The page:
Ovruch [Овруч; Ovruč]. Map: II-9. A city (2014 pop 16,515) on the high left bank of the Noryn River and a raion center in Zhytomyr oblast. It is first mentioned in the chronicles under the year 946 as Vruchyi, a Derevlianian settlement. In 977 the princes Oleh Sviatoslavych and Yaropolk I Sviatoslavych fought there; Oleh is purportedly buried in a large grave nearby. In the second half of the 12th century Ovruch was part of Riuryk (Vasylii) Rostyslavych’s principality. In 1362 it came under Lithuanian rule as part of the Lithuanian-Ruthenian state, and after the Union of Lublin in 1569 it was transferred to Poland and made a center of Ovruch starostvo. In 1641 Ovruch was granted the rights of Magdeburg law. After the partition of Poland in 1793, it was annexed by Russia and became a county town in Volhynia gubernia. Today the town has a dairy, a canning factory, and a winery, as well as railway enterprises. Its architectural monuments include Saint Basil’s Church (12th–13th century, restored 1908–12) and monastery buildings (1907–9).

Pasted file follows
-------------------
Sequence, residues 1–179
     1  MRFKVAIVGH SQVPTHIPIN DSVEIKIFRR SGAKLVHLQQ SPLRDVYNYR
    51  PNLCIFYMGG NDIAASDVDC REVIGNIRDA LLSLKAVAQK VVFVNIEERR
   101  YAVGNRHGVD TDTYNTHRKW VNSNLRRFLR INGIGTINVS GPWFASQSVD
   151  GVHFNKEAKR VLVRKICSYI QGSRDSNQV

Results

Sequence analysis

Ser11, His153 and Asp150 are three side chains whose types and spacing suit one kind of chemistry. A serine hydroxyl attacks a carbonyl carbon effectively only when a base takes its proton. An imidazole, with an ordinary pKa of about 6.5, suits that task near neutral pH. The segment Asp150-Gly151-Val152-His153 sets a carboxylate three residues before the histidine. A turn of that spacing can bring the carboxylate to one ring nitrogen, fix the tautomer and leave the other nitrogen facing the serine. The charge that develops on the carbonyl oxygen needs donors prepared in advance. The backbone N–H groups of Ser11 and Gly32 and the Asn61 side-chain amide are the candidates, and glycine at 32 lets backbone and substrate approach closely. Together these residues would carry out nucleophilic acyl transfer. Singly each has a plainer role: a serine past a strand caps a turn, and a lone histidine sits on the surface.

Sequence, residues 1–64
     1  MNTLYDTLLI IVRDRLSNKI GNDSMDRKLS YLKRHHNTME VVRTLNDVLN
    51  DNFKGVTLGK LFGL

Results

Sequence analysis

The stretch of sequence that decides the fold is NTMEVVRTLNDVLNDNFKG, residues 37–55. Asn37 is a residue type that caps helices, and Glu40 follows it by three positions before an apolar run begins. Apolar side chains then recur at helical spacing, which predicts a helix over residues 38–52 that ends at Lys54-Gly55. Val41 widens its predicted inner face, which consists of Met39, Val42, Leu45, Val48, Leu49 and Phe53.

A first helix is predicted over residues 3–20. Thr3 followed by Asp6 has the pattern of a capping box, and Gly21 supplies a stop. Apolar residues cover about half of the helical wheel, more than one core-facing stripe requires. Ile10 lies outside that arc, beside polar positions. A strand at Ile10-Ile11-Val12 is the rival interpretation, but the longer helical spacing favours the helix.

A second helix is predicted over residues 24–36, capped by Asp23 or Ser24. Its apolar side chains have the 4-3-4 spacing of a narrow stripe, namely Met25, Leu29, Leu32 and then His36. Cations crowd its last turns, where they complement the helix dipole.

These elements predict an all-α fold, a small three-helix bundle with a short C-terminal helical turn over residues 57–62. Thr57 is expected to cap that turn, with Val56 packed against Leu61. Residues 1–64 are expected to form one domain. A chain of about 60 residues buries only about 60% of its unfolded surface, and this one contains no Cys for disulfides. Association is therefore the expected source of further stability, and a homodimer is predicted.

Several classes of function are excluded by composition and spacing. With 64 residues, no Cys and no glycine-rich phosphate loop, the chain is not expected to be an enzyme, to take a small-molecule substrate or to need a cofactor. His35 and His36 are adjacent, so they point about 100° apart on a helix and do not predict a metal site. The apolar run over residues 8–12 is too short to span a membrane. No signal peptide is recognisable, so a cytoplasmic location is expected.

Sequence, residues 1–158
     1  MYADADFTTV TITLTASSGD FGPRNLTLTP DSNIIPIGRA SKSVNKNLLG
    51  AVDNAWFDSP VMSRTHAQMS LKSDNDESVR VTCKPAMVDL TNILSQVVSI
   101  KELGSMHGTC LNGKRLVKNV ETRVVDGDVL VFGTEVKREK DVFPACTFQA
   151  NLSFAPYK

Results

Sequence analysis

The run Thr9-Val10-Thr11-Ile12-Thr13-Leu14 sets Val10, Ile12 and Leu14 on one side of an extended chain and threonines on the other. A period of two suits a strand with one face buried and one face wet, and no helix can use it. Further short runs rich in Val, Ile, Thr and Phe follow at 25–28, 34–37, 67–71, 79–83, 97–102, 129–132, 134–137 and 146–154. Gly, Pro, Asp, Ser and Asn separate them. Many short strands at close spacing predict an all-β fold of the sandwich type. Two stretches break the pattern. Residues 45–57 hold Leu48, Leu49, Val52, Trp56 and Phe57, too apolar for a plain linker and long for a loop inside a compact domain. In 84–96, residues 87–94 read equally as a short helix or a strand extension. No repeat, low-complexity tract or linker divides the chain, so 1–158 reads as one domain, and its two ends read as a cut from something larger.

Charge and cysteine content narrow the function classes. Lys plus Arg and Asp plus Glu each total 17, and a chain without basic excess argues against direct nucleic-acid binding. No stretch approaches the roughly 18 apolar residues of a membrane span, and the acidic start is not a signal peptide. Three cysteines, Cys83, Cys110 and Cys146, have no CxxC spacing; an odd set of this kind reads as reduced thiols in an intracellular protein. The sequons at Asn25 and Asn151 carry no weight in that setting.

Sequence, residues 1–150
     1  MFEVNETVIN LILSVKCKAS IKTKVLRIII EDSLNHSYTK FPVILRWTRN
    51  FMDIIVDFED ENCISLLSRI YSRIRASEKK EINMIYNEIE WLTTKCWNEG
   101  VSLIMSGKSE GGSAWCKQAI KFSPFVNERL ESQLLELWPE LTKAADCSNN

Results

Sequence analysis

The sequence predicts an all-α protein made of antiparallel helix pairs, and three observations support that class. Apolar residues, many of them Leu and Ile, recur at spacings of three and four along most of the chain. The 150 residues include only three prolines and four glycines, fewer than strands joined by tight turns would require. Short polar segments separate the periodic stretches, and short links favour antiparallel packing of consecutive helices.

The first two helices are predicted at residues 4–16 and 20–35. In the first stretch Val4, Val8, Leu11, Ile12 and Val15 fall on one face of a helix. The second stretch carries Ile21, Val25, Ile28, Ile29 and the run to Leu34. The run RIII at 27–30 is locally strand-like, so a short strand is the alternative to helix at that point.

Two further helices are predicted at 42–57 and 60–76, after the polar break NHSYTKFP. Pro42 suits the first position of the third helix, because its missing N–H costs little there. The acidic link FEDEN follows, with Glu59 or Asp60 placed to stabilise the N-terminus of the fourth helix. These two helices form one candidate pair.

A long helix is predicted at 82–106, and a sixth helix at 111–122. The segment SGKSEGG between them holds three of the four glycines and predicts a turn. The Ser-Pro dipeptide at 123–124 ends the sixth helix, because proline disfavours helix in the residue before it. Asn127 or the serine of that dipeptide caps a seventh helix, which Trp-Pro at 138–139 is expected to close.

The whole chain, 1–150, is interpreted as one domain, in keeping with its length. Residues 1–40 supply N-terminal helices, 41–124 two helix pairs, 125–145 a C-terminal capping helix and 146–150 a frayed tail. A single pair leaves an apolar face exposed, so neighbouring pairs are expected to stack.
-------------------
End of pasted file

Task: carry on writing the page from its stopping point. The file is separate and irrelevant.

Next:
[This article was updated in 2015.]